The auditors of City Harvest Church would have been fully aware of all its links to the music production company that church officials are accused of using as a vehicle to misuse church funds.
In his third day on the stand this week, church founder Kong Hee maintained there was never any attempt by them to obfuscate the close connections with Xtron Productions.
He said those who had oversight of the accounts of both the church and Xtron would have seen it was managing his wife Ho Yeow Sun's music career.
Together with five others, Kong is accused of misusing some $50 million of church funds to boost Ms Ho's music career and covering up the misuse by falsifying church accounts.
One of the accusations is that they purchased sham bonds in Xtron and another company, Firna, when the money was actually being used to bankroll Ms Ho's album launch.
Under re-examination by his lawyer Edwin Tong, Kong, 50, told the court that the church's auditor Baker Tilly TFW "would be very aware of the expenses incurred by Xtron in connection with the album production".
He said: "They would be aware of the management fees paid to Sun's manager. They would be aware of the travelling expenses. They would be aware of the advertising and promotional expenses. They would be aware of payment to the United States as well as payment to Asia."
They would also know that "Xtron at this point in time was making losses because the album was yet to be launched", added Kong.
Under questioning by Mr Tong, Kong said Xtron was incorporated in June 2003 and the minutes of a board meeting said Ms Ho "would no longer be managed by Attributes but by another artiste management company, to the best of my recollection".
Kong said auditors going through the minutes wanted to know who the new company managing Ms Ho was and were told by the church's former finance manager Serina Wee that it was Xtron.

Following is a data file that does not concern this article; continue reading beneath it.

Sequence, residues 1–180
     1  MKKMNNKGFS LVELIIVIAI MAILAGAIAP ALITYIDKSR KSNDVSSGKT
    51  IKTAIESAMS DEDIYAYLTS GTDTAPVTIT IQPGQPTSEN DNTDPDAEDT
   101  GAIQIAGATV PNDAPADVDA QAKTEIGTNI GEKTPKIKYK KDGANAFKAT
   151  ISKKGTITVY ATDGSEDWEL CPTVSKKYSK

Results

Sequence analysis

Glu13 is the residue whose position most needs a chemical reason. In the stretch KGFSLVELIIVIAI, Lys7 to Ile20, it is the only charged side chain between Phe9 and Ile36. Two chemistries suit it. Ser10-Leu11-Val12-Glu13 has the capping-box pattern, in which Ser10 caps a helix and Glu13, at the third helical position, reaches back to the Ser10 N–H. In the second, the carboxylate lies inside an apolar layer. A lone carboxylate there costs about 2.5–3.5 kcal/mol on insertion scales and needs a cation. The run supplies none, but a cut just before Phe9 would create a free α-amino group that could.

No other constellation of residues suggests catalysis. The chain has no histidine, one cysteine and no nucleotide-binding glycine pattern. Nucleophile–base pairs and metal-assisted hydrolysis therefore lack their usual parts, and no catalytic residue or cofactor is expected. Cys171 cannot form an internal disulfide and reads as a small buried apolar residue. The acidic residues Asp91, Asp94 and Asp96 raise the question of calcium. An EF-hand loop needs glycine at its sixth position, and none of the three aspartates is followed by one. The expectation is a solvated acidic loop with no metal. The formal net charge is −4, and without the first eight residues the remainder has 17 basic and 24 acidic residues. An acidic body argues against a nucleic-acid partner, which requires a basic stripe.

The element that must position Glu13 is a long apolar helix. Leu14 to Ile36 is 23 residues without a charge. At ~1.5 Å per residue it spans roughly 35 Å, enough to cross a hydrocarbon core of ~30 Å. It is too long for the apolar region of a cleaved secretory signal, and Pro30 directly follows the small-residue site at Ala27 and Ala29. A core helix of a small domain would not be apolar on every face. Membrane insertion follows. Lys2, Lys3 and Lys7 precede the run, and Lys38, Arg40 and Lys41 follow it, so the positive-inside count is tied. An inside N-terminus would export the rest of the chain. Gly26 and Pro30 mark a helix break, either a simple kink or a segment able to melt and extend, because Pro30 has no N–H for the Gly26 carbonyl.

Mr Tong asked if Ms Ho had an agreement with Xtron. Yes, Kong replied.
Mr Tong also took the senior pastor through his evidence given in previous court sessions, combing through e-mail and court transcripts, so he could furnish more details.
One transcript had Kong saying that a special audit in 2003 by the church's auditor confirmed church funds were never used to finance Ms Ho's music career.
"And I asked Brother Foong (Daw Ching) again, "Were church funds used? After all these years, are we still correct... in what we have said to our members?" Kong had said.
"And Brother Foong said openly to us. He said 'no church funds were used because church funds were invested.'"
Kong told the court the special audit was done after a complaint by a church member, so he wanted a thorough investigation into how the Crossover album had been funded in the previous year.
Deputy Public Prosecutor Christopher Ong interrupted the questioning at one point to note that the auditors themselves should be asked if they were aware of all these details and not the witness.